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I want to record my electric guitar for the sake of making covers as well as my own music, however I'm having trouble getting a good tone. I have 3 possible approaches (one of which has worked fairly well)

  1. Plug my guitar into my Scarlett 2i2 and use the amps in Garageband. This has worked decently well for me.
  2. Try to record my amps directly with my microphone. This is what it sounds like. It sounds very... lackluster. I can hear the pick hitting the strings, everything sounds muddy and cheap. For reference, I'm using a Boss GT-6 for effects and a Fender Frontman 25R for the amp.
  3. Plug my Boss GT-6 directly into the interface and record its output directly since it has preamp and speaker simulation built in. Disclaimer: I haven't tried this approach yet.

Option 1 is super easy to set up, I just need my guitar and a cable, and as a bonus I can tweak the sound as much as I want even after having recorded (which is pretty convenient). It's what I currently use and it's not broken by any means, so if that's standard practice then I can keep doing it.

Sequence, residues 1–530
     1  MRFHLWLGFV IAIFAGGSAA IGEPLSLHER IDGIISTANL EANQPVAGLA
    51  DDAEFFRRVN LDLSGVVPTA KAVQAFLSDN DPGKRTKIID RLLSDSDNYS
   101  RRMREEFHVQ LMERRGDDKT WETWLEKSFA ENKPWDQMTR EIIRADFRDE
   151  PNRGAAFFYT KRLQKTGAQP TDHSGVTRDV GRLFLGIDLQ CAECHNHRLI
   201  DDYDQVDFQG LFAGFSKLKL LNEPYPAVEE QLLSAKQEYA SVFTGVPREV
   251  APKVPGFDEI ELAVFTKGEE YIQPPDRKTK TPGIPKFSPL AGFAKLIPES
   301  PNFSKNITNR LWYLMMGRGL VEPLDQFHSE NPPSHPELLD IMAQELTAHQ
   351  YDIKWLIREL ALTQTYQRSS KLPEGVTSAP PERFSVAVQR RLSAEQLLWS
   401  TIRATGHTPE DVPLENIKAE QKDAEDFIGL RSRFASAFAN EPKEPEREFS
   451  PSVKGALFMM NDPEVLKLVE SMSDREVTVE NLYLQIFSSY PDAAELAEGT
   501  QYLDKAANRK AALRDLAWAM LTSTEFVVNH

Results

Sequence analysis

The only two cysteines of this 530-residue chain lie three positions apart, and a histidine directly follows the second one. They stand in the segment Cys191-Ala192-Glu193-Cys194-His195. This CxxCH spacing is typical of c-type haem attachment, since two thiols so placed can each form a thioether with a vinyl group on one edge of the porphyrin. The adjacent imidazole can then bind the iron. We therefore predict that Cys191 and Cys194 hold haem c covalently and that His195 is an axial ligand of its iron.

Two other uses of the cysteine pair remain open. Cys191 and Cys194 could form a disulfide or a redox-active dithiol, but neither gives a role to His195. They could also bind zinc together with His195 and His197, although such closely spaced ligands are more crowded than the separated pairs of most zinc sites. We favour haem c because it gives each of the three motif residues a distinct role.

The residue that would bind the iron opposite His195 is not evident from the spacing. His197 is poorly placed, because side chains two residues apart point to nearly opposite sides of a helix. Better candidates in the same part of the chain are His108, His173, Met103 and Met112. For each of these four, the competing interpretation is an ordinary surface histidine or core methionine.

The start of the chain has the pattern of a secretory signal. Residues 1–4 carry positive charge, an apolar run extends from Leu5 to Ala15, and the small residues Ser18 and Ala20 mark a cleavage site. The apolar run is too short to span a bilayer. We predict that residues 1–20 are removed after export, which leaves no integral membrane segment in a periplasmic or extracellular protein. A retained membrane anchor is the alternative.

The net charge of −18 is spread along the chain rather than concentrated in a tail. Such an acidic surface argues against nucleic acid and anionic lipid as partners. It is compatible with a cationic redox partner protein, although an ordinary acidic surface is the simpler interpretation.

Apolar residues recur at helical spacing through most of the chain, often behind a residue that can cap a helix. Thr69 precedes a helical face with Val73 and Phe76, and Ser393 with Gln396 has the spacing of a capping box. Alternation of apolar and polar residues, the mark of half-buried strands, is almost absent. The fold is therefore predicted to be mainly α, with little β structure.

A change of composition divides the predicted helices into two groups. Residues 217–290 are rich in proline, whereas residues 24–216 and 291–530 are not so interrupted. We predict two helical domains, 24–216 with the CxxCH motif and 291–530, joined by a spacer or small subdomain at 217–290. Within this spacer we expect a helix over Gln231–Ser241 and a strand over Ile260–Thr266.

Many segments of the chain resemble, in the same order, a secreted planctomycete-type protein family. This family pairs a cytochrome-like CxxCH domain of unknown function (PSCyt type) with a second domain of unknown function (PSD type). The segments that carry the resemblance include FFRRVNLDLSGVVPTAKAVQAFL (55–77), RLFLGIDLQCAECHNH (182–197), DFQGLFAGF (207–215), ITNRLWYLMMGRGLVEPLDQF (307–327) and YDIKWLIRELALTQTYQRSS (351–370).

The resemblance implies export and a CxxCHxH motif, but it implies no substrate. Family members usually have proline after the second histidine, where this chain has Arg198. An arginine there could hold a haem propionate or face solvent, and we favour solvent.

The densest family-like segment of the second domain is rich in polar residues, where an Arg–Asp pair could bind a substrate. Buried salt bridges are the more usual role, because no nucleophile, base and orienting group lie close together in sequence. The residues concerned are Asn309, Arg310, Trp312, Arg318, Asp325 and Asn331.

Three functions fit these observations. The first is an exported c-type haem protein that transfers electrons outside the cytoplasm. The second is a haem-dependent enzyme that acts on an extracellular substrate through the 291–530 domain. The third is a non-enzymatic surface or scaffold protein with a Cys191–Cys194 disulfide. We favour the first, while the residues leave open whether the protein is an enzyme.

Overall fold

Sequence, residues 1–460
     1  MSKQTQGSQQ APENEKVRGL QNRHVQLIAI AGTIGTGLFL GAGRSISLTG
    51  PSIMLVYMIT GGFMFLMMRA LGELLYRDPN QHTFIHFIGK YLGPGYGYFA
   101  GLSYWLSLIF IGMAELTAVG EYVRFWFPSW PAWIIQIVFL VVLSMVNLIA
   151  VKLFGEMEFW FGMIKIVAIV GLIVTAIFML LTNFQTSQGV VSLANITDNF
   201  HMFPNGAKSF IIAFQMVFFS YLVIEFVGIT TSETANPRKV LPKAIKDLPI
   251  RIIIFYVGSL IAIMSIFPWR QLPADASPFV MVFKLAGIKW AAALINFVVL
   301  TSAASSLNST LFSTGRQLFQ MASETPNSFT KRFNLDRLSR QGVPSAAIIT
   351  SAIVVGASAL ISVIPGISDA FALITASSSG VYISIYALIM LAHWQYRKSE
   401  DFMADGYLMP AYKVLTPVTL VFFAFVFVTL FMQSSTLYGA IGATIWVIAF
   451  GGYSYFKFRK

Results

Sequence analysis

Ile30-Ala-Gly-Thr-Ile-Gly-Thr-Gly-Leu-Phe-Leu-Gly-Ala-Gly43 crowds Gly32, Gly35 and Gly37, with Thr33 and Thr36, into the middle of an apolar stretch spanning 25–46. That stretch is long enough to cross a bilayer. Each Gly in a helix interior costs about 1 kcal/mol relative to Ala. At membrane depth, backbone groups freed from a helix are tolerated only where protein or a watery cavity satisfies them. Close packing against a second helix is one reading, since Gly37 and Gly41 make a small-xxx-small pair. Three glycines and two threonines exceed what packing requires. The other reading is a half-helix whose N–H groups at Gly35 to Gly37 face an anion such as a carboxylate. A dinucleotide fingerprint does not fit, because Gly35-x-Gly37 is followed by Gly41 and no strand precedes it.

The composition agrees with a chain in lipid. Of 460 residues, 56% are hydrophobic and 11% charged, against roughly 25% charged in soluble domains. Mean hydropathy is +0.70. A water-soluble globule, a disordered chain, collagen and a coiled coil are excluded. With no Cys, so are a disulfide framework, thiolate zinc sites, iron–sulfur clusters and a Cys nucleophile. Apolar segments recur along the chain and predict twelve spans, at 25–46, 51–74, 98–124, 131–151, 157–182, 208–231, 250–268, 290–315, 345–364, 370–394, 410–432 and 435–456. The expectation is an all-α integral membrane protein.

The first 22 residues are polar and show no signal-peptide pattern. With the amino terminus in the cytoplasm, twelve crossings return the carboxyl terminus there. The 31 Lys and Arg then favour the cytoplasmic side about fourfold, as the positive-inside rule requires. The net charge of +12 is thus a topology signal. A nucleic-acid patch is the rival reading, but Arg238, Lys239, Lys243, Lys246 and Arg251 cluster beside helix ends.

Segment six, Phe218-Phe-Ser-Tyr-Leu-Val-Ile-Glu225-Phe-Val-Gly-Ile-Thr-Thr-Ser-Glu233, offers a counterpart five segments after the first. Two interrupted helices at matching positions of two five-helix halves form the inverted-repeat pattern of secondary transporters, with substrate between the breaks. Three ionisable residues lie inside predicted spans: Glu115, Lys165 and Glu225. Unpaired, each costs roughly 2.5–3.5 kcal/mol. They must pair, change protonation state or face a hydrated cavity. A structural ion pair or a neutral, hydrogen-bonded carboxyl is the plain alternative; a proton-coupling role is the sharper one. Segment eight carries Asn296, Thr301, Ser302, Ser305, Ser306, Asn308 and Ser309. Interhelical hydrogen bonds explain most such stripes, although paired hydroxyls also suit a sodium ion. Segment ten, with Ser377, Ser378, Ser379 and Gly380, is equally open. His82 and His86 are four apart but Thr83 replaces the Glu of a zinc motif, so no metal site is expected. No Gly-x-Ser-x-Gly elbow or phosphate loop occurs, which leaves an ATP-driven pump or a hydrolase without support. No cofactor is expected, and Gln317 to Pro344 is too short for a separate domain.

However, I really wanted Option 2 to work though because when practicing you get everything to sound just right to your ears, and it'd be nice to be able to convert that directly to a recording. For instance, I sometimes practice on a mini-amp and I love the lo-fi/garage rock sound, especially when practicing Strokes songs. It sounds perfect to my ears, but I know that if I put the mic to it, it'll sound bad.

Is there a trick I'm missing to recording? Do I need a better quality microphone? How do I get rid of the picking sounds?

Note: I can't really turn the amp up any louder since I have roommates :( so if that's the only solution then I'll just have to stick with the digital methods

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    In your Option 2, it sounds like the mic is out in the room, not right on the speaker grille, where it should be. Sounds really boomy and roomy, not tight and focused. And I'm not hearing any picking sounds, but at 0:11 I do hear what sounds like someone stomping on the footswitch of a pedal. That shouldn't be audible if your mic placement is right. Apr 19 at 22:19
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    Are you certain you had the front of the mic capsule pointed toward the amp and not backwards? If you had things set up correctly, there's no way it should sound like your sample. Apr 19 at 22:54